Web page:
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Hay bale contest grows in all directions

RONAN – Tractors rolled into town to set up round hay bales used to decorate for the Ninth Annual Harvest Fest to be held from 9 a.m. to 3 p.m. on Saturday, September 16.

The Ronan Chamber of Commerce hosts the event and invites people from near and far to experience games for the kids, vendors, crafts and more. There is a climbing wall for people to ascend for a small fee, too. 

Homemade food cooked by contestants participating in the Dutch Oven Cook-off will be for sale. Proceeds go to the beautification branch of the chamber and are put into a savings account for a mural project. 

“When enough money is raised, the murals will be painted on older buildings in town,” said Lana Bartel, chamber member.

More people are participating in the hay bale decorating contest this year to create what’s being called the “Trail of Bales.” In years past businesses, schools, and groups transformed the bales into things like marshmallows, minion characters, a few dogs and a gumball machine, among other things.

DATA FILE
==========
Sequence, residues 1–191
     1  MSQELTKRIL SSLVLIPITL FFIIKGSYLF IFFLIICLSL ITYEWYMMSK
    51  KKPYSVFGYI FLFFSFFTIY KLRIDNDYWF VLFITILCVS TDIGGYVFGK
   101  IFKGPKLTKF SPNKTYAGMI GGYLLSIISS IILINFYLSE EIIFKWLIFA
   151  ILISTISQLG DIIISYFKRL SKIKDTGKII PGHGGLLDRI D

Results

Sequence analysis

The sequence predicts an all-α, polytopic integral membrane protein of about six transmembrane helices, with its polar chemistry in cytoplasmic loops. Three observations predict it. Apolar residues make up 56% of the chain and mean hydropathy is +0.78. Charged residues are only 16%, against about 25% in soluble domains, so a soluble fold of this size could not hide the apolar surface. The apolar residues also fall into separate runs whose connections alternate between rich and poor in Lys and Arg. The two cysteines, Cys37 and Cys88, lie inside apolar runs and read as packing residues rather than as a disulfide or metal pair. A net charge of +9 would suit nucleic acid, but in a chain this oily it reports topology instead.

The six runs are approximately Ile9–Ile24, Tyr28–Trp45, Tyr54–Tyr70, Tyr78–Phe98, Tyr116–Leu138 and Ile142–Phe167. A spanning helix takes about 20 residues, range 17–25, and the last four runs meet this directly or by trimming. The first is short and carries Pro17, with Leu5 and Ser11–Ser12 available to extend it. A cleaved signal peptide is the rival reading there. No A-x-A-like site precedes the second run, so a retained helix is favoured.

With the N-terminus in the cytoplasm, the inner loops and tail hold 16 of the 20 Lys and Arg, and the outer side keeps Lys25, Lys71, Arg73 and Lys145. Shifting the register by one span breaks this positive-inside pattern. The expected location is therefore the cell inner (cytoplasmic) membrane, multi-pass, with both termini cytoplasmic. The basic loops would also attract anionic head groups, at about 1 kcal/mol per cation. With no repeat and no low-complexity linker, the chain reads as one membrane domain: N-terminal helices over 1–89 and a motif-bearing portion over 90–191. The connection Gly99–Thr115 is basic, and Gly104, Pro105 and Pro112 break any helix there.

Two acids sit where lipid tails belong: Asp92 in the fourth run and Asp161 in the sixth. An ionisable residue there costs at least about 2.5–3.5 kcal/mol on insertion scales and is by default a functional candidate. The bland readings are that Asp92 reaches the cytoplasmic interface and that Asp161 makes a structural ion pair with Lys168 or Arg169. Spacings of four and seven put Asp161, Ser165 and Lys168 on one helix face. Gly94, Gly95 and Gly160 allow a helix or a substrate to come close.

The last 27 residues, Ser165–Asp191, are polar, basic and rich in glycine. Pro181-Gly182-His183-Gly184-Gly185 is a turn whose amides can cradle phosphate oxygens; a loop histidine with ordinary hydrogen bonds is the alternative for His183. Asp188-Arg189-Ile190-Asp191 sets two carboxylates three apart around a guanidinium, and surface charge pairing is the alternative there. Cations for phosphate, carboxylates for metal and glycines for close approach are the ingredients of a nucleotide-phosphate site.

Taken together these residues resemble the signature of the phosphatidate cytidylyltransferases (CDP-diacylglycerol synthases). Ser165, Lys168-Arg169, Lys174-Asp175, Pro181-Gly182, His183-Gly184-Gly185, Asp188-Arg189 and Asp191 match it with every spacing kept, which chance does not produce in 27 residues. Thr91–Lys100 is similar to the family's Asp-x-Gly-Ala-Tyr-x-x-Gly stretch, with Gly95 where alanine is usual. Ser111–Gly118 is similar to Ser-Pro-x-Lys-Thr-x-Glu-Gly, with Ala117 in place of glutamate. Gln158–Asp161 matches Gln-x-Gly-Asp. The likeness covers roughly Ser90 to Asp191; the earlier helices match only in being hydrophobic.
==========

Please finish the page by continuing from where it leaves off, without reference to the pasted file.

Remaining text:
A map included in the Valley Journal was designed to help people find the bales. The project expanded with people participating as far south as Ninepipes Lodge and Kicking Horse Job Corps and as far north as Mud Creek Trail. 

Different agencies with the Confederated Salish and Kootenai Tribes ordered a total of 33 bales this year. “They are building some big displays in Pablo,” she said. 

Lana remembers when the contest started in 2014 with 21 bales. She said it has grown almost five times that amount, possibly because people see the fun things that are created and want to see what they can come up with. The event also brings families and the community together before the end of summer. 

The hay bales came from the Bartel farm on Round Butte Road. Bill Bartel donated the use of 97 bales this year. John Bartel, Butch Burland, and Bill Bartel set up the hay bales with tractors, trucks and trailers.

Decorators are asked to wrap the bales before they are painted so the hay can be taken back to the farm and fed to the cows. At the Harvest Fest, people vote for their favorite hay bale creation.

“I’m glad this is judged by a popular vote because I would have a hard time picking a winner,” Lana said. 

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